Inspired by the Dancing Devils Festival held annually during the Corpus Christi feast on Venezuela’s coast, this small, black ceramic planter more than it seems. Handmade during the brand’s Caraquena de Chuao workshop in Caracas, each one will differ slightly and carries plenty of cultural and historical significance.
Across 300+ pages, garden designer Sophie Walker explores the magic of the Japanese Garden—from 800 years of history to the various aesthetics and philosophies incorporated. Undeniably, the Japanese garden is an art form of its own, and a living one. This book features 100 examples—with accompanying essays and notes by artists, architects and more.
Just over two feet tall, this planter is a sophisticated, mid-century-inspired piece. The basin fits two potted plants, and comes complete with drip-trays. Handcrafted in Melbourne, Australia from 100% Blackwood, each piece is made-to-order, so tones of timber will vary depending on the wood’s age.
In 1964 Marimekko launched trademark Unikko print, after the company’s founder declared they would never produce a floral print. Designer Maija Isola rebelled and the now-familiar poppy print was born. This duvet cover—in beige, ecru and blue—is muted but still bold. Matching pillow cases are also available.
Rikumo’s Field Good Trowel is ergonomic, lightweight and sturdy—thanks to its clever design and tough polyurethane-coated steel. Also available in white, black or gold, each piece is crafted in Niigata (in Japan’s Chūbu region), which is known for its metalworking history.
With a botanical graphic of the Echinocereus (a species of flowering cacti), this long-sleeved T-shirt from Bodega Rose is made of pure cotton. Available in small to XL, its boxy shape is perfect for all genders and plant lovers.
Unlike any pot you likely own, this Lyfe planter from Flyte levitates. With a base made from oak, ash and walnut, the 12-sided planter hovers above—with no strings, devices or stands connecting the two. Magic, art, science and nature collide in this clever creation.
Emma Sibley’s Little Book of House Plants and Other Greenery is quite literally a little book packed with inspiration for plant-enthusiasts—especially those attempting to create a garden in a small space. With a breakdown of 60 popular plants, Sibley explains how to care for them and and includes notes on what to expect—height, growth, flowering, and more.
Kim Sielbeck’s wild jungle illustration has been carefully hand-embroidered onto this 18 by 18 inch pillow by Brooklyn’s Aelfie. As it’s bold and bright, it will clash beautifully with most colors and patterns in your home. Plus, an eco-friendly insert is included.
Printed in an edition of 40, this silkscreen by Northern California-based Tucker Nichols is an affordable way to access the artist’s thoughtful work. The whimsical piece focuses on one of Nichols’ frequent themes: plants. Printed with archival ink on heavy paper, it measures 11 by 17 inches.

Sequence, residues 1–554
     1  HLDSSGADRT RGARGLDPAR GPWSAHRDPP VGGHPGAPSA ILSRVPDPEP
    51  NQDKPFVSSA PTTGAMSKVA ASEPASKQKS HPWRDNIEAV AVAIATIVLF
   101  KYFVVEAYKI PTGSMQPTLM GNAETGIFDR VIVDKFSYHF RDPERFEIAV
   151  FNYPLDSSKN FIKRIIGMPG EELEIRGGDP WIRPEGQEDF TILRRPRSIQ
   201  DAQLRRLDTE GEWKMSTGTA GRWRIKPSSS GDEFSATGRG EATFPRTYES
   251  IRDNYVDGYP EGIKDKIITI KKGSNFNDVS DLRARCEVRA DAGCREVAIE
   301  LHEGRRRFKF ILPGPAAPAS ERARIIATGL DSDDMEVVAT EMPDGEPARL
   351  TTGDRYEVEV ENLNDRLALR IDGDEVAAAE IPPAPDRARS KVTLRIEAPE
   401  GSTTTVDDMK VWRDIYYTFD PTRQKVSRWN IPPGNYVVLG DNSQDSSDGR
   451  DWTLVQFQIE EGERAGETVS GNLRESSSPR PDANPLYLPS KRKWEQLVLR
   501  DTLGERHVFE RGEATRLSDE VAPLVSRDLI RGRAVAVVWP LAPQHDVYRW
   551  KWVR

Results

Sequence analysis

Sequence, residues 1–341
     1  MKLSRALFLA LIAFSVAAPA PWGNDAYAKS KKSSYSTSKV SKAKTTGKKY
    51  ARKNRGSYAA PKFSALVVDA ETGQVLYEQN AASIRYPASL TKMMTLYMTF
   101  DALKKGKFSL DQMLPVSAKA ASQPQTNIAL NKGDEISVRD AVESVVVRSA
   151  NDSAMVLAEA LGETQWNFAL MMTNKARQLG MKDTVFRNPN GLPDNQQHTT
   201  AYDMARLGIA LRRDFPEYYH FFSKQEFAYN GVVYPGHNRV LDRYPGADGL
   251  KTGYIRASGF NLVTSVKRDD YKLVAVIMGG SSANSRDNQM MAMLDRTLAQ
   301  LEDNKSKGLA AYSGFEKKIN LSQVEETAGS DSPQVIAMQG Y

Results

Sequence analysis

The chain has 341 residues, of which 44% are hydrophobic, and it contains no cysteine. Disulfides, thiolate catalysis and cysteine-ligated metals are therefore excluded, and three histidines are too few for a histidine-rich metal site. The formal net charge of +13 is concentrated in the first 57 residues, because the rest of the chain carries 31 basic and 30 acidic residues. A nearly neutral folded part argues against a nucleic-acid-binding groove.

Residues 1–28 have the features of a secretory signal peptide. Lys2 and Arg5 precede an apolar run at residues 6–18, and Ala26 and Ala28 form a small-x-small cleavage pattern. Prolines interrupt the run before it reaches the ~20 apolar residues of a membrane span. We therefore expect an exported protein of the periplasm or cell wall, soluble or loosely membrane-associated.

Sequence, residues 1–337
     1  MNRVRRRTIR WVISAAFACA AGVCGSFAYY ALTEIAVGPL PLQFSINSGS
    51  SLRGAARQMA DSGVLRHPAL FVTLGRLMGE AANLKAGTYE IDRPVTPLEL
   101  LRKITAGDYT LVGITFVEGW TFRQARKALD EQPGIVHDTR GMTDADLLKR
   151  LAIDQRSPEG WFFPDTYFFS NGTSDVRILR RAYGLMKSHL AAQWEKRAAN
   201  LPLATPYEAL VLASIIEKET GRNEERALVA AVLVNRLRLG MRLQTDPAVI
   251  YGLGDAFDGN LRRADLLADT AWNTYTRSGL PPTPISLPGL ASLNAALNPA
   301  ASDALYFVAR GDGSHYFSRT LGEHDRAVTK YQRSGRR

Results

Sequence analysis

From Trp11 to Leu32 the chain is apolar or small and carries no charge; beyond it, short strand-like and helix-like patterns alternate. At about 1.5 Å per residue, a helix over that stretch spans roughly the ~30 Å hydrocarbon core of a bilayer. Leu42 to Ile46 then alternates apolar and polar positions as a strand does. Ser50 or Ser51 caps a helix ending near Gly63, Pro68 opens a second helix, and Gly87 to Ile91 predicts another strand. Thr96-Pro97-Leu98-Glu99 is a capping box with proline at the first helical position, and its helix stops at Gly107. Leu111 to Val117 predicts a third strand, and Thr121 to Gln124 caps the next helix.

Toby Musgrave’s Green Escapes is a 384-page guide to the world’s most secluded, tucked-away or “secret” gardens. Ranging from rooftop terraces to tiny parks, community gardens and more, the comprehensive list covers a vast number of open-to-the-public locations. It’s a thoughtful guide for those who want to visit gardens while traveling, or others simply exploring their own city.
An ideal size for a few stems, each speckled vase by O-M Ceramic is unique—made by hand and meticulously so. With just enough color, the playful design also feels a little DIY. Thanks to a gloss glaze and underglaze, it’s safe to fill up with water.
Shaped like the cheerful Monstera leaf, these slightly translucent Jennifer Loiselle earrings make a bold statement. Much like the plants themselves, these earrings are also oversized and playful. With gold-plated brass hardware (including the posts), they’re nickel-free.
With a section dedicated to Ren Hang, “Strange Plants III” also features work by 50+ other artists. Published by independent house Zioxla, this 164-page book (like those before it) celebrates plants in art—in weird and wonderful ways. From oil paintings of the foul-smelling corpse flower to a poodle sculpture made from vines, the work within is made for anybody who understands nature is, itself, an artwork.
Super-clever and kind to the planet, these pencils from Sprout is tipped with a seed capsule (be it thyme, basil or flax) for planting once its used down to the end. Sustainable, biodegradable and non-toxic, these wooden pencils come in a set of eight and are perfect for creative kids and adults alike.
With 160 pages of photography by Shuji Yoshida and Joshua White, “Grafted” was printed in an edition of 1250 copies. The book is the upshot of two exhibitions by LA-based ceramicist Adam Silverman and award-winning Japanese plant sculptor Kohei Oda, for which the two created over 100 pieces—combining the former’s textured pots and the latter’s grafted cacti. Separately the artists’ works are beautiful, but it’s their collaboration (as Glenn Adamson say in his introduction) that proves art has no boundaries.